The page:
Secondary organic aerosol from sesquiterpenes and other biogenic emissions in the United States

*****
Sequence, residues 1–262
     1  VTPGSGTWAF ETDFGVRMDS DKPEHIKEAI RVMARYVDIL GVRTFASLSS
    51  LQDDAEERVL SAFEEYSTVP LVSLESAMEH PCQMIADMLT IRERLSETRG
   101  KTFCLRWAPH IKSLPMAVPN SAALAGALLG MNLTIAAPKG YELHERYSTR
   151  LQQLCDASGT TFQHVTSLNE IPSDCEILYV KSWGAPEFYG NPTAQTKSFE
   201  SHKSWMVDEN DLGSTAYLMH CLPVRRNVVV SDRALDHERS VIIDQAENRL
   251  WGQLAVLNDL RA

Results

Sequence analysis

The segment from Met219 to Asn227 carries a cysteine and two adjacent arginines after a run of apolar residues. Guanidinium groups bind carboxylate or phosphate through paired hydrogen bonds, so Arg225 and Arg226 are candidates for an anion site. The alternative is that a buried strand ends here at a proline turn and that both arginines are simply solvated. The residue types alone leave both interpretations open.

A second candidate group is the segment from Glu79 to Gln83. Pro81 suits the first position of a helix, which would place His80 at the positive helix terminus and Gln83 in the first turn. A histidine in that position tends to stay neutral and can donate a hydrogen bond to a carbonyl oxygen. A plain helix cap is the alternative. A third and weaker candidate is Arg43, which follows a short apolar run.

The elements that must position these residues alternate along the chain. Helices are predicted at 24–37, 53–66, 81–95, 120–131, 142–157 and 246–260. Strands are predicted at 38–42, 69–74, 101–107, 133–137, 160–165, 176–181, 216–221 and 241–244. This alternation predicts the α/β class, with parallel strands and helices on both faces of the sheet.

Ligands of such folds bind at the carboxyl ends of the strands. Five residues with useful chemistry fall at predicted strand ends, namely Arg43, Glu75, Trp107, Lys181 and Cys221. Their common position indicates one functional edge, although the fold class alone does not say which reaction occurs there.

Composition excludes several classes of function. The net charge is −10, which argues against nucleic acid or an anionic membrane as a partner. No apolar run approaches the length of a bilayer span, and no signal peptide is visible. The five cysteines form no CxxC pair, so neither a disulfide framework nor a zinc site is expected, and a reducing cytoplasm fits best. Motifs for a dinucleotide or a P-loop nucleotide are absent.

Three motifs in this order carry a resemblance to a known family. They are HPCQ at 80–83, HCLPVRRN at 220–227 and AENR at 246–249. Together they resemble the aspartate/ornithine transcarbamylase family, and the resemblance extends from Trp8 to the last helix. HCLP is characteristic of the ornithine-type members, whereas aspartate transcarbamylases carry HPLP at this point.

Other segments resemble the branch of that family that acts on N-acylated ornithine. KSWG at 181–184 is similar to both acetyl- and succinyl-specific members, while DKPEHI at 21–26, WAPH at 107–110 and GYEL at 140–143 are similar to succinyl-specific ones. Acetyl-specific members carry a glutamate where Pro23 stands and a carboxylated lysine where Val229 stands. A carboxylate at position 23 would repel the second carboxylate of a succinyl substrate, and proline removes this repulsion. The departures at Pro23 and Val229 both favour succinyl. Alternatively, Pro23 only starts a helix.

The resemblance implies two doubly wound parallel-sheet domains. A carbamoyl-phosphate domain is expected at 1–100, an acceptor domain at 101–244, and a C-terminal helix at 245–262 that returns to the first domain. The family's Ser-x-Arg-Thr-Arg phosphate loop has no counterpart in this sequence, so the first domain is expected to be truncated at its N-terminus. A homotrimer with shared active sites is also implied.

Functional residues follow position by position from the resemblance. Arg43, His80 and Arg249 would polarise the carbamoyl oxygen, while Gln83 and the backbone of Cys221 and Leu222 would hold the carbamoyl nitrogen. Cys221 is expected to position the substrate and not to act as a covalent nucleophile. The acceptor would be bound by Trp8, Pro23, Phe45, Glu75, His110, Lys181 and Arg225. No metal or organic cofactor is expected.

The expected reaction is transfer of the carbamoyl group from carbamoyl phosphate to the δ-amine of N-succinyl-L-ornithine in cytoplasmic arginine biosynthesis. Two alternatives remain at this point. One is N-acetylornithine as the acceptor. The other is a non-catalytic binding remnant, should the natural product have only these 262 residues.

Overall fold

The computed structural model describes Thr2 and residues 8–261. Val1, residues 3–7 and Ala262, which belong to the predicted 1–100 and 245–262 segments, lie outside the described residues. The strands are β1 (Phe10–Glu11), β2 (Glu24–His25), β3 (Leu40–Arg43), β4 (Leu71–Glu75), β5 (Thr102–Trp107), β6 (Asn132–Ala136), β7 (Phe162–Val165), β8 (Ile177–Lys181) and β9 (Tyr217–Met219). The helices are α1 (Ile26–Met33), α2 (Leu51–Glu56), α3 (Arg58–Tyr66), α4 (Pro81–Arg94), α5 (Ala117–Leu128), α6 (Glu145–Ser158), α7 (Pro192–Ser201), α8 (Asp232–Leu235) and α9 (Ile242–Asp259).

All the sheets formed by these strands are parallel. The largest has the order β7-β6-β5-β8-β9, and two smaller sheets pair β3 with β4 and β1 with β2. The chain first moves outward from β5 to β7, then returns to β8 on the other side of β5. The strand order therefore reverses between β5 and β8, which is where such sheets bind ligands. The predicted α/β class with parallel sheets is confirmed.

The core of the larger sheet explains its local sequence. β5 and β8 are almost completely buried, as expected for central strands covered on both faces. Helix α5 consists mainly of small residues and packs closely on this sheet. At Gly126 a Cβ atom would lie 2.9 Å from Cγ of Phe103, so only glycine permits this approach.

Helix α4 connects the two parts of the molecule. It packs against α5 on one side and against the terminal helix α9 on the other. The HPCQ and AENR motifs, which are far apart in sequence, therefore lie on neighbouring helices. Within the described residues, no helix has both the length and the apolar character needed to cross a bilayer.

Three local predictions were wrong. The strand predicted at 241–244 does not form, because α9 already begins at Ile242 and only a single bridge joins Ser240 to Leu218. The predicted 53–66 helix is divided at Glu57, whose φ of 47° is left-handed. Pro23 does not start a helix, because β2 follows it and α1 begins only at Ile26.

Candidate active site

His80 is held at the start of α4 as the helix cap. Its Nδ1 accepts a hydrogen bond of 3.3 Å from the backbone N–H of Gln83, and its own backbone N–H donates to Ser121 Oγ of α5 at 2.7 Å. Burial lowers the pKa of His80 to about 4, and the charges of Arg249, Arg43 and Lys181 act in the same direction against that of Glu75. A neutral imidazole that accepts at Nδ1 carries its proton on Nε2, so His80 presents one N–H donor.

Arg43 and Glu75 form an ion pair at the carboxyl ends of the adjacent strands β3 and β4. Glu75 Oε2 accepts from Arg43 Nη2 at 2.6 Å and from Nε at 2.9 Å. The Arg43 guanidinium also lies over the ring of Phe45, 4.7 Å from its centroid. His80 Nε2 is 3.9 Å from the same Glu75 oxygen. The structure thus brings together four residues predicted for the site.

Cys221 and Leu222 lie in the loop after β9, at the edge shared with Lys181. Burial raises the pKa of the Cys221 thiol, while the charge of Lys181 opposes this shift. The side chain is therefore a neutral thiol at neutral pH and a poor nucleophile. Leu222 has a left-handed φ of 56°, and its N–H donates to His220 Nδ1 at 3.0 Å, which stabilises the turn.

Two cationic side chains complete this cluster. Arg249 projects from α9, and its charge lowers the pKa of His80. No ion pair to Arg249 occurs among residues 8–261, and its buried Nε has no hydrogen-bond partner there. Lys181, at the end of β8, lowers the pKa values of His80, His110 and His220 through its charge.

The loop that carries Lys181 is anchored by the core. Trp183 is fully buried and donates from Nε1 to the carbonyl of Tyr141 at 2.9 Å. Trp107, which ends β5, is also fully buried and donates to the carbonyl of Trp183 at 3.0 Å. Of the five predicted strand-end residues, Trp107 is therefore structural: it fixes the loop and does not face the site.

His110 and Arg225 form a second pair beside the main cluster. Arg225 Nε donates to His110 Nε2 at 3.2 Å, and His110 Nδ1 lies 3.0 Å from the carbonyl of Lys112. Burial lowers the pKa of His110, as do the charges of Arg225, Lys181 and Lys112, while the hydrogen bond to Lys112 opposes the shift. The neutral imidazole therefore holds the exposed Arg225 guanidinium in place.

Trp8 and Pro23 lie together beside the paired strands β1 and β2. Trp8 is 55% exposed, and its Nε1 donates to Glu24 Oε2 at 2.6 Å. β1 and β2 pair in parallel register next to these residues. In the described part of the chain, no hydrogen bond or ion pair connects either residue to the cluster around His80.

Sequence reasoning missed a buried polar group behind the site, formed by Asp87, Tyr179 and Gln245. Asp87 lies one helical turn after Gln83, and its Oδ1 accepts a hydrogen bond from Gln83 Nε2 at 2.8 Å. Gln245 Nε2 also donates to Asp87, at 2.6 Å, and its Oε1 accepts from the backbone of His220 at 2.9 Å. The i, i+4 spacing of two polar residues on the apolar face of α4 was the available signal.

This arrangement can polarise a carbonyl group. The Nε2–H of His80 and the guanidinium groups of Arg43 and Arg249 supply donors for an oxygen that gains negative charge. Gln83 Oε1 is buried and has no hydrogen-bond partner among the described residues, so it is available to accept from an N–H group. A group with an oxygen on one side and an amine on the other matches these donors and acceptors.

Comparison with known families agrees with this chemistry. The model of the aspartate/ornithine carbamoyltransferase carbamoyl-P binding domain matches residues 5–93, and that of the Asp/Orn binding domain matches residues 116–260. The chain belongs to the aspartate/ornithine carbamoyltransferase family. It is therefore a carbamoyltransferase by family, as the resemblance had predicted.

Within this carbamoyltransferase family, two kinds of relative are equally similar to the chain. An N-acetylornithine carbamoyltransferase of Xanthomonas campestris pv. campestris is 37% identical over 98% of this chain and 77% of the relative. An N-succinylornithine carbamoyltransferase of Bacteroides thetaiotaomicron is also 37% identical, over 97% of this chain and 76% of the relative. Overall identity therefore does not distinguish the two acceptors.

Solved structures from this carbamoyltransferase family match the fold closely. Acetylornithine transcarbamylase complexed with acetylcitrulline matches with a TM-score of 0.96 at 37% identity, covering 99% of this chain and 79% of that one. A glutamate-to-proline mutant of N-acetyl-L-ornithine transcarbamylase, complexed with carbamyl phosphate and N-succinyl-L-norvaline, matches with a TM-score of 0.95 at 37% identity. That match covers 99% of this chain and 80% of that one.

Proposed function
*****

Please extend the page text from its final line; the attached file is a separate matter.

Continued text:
Secondary organic aerosol (SOA) is a major component in fine particulate matter, which is a major cause of health effects and climate change. Atmospheric chemistry and transport models typically underestimate SOA concentrations because of the lack of understanding in emission estimates and SOA formation. Sesquiterpenes (SQTs) have been hypothesized to be a significant fraction of the unexplained organic aerosol due to their significant emissions, high reactivities, and high aerosol yields. This study developed a new SQT emission inventory from the largest and most up-to-date emission rate database and updated a biogenic emission model, Model of Emissions of Gases and Aerosols from Nature (MEGAN), for SQT emission estimation. The monthly average SQT emissions for the continental U.S. domain are 298 tons hr-1 for July and 12 tons hr-1 for January, and they account for 12% and 7% of biogenic SOA precursor emissions for July and January, respectively. The new emission estimates are significantly lower than emission estimates developed from emission rates reported in the earlier literature. The estimated SQT and other biogenic volatile organic compound emissions were used in a modified and updated regional chemical transport model, Models-3 CMAQ, to explore the formation and contribution of SOA from SQTs in the United States. Inclusion of SOA production from SQTs increases the total SOA mass by a factor of 1.7 to 4. The amount of SOA mass produced from SQT is similar to the quantity produced from monoterpenes. Comparisons to observations show that the inclusion of SQTs improves the SOA prediction performance; however, the model still underpredicts the SOA concentrations. Sensitivity studies suggest that polymerization of SOA could occur in the atmosphere, and that SOA formation is very sensitive to the enthalpy of vaporization value used in the gas-particle partitioning module, which is not well understood. Although this study shows that SQT emissions are an important contributor to SOA production, the underestimation of SOA concentrations observed with the modified CMAQ model indicate the emission inventory and SOA process descriptions still need to be improved.